While Bear had retained Lazard Ltd. as an adviser, the report quoted Schwartz saying, The time it would take to get that done, it wouldn't help. The CEO said rumors would cause more damage in the meantime, according to the SEC.
Schwartz didn't return a phone call for comment.
The SEC took no action even as Bear Stearns provided more collateral to lenders as they lost trust in the 85-year-old firm, the unedited report said.
The agency removed a section of the publicly distributed report showing that the Division of Trading and Markets knew Bear Stearns's capital ratio had dropped to 11.5 percent in March from as high as 21.4 percent in April 2006. The ratio measures assets, adjusted for risk, relative to a firm's equity. Ten percent is the minimum standard under international banking regulations.
Regulators from the unit inquired whether Bear Stearns was contemplating capital infusions, even though they didn't formally or informally pressure the firm to do so, according to the unedited version.
Under the voluntary Consolidated Supervised Entity Program, the SEC couldn't force the firm to raise capital.
The CSE was fundamentally flawed from the beginning, because investment banks could opt in or out of supervision voluntarily, Cox said on Sept. 26 in announcing the program's shutdown.
This chain of events raises very significant questions about the supervision of all types of financial institutions, not just investment banks, said a written response to the inspector general's report from the Trading and Markets unit, headed by former agency chief economist Erik Sirri.
With respect to Bear Stearns, the staff applied the relevant international standards for holding-company capital adequacy in a conservative manner, the unit said.
The staff added a holding-company liquidity requirement; and yet, they couldn't withstand a `run on the bank, the response said.
Kotz, the inspector general, declined to comment, as did Cox.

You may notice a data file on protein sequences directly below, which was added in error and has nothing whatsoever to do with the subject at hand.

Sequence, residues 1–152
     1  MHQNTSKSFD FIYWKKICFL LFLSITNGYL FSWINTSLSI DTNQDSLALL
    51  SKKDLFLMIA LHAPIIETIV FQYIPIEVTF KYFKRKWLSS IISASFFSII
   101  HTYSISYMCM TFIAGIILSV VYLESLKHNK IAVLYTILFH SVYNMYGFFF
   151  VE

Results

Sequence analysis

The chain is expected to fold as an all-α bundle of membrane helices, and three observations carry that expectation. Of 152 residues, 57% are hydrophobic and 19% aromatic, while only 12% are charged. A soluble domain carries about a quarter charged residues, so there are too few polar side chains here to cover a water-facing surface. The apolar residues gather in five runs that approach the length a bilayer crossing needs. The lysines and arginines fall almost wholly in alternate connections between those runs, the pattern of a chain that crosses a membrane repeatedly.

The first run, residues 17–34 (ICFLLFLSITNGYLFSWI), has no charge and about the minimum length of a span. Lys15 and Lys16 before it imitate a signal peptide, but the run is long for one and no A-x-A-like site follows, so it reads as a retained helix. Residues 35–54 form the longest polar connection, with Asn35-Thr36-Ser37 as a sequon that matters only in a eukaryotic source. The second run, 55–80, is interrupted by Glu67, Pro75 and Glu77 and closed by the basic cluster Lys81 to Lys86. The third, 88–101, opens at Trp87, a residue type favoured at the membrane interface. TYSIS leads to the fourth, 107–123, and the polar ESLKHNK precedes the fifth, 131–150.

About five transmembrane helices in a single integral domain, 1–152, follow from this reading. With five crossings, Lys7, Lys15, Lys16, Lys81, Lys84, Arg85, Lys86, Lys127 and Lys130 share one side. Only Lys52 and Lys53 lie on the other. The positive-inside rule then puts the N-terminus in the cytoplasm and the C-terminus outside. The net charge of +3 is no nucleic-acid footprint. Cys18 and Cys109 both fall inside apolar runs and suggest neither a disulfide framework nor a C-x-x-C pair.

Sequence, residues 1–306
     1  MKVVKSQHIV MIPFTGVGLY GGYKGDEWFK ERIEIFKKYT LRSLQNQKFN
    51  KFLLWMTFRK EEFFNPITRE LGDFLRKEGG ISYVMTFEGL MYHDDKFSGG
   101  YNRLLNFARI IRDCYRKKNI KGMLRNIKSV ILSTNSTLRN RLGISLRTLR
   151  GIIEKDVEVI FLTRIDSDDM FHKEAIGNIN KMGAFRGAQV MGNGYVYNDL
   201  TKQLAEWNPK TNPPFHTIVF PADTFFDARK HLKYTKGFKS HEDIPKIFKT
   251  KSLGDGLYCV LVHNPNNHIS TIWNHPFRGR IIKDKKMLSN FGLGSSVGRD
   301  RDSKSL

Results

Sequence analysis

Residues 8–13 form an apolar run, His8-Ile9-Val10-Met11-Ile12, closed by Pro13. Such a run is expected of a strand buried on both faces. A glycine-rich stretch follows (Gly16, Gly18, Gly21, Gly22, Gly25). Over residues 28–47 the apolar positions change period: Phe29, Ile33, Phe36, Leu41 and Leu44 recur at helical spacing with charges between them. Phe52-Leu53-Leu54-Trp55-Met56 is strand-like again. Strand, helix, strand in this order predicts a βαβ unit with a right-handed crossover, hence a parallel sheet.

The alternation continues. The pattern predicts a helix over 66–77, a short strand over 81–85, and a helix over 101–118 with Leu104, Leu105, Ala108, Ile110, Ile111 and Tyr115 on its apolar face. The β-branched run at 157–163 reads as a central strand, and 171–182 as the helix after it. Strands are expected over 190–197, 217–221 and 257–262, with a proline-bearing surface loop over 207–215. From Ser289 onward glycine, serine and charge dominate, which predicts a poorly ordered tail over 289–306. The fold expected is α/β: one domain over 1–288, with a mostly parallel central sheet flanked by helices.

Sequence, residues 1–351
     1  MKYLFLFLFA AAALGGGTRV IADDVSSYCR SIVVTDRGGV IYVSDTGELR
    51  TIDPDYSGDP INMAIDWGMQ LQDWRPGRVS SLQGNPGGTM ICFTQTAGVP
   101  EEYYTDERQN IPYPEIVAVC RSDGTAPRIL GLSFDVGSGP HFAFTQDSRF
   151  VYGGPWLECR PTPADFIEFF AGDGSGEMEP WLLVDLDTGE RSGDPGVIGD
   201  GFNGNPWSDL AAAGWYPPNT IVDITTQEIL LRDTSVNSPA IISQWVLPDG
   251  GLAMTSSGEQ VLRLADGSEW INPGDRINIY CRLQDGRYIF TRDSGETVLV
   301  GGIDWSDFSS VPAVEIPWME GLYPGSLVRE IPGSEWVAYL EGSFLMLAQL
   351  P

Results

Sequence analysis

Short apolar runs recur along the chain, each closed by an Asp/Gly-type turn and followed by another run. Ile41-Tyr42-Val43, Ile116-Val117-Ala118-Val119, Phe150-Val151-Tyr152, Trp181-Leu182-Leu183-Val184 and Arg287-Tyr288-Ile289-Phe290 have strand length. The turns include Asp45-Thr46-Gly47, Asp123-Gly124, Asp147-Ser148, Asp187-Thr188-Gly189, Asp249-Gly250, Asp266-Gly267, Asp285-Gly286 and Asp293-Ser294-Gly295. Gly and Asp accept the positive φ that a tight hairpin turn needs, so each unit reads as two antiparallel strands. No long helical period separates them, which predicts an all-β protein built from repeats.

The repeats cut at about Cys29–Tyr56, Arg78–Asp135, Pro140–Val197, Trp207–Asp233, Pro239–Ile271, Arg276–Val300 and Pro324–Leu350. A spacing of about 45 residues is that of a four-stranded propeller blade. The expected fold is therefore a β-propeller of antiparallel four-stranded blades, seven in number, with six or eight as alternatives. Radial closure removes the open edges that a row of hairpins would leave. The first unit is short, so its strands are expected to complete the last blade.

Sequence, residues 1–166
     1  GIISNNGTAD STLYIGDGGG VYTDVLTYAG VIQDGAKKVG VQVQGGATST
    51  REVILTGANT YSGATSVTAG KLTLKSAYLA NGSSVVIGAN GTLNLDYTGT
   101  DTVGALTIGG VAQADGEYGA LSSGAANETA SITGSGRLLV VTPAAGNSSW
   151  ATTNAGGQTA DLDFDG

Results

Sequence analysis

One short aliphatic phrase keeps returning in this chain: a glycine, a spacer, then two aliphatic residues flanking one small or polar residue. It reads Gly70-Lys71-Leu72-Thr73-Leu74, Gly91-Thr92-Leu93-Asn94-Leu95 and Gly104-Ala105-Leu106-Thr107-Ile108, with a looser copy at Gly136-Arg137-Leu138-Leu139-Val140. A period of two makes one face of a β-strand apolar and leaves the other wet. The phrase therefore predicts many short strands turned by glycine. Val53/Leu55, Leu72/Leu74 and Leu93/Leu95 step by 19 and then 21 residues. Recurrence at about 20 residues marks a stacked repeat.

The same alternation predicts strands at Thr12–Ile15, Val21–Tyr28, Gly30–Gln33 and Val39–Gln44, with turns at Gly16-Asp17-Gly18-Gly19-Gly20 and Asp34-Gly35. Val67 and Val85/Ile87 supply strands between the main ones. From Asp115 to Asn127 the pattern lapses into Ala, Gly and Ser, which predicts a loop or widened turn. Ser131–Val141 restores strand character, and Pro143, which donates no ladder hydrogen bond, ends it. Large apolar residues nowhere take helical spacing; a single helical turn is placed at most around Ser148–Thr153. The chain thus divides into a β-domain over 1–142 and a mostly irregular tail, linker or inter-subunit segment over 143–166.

Bear Stearns was able to create capital by inflating the value of assets including mortgages, according to the unedited study. Two days before it was rescued, the firm paid out $1.1 billion to numerous counterparties to squelch rumors it couldn't meet its margin calls, the full report said. The finding didn't appear in the censored version.
The firm tended to use the traders' more generous marks for profit and loss purposes, it said.
Trading and Markets unit members saw that Bear Stearns traders dominated less-experienced risk managers, the inspector general reported in sections that were excised from the public report.
As trading performance remained strong for years in a row, it clearly wasn't career-enhancing to stand in the way of increasingly powerful trading units demanding more balance sheet and touting their state of the art risk-management models, said Brad Hintz, an analyst at Sanford C. Bernstein & Co. in New York, and a former chief financial officer at Lehman Brothers Holdings Inc.
The Basel Committee on Supervision published revised guidelines in 2004 that allowed global financial institutions to rely on their own internal estimates of risk components to help determine the amount of capital they needed.
By censoring the report, the SEC didn't do well by the public and the inspector general didn't do well by the public, said Tom Cardamone, managing director of the Washington-based Global Financial Integrity Program. The buck has to stop someplace. Joe Main Street has to rely on the professionalism of the people doing the job.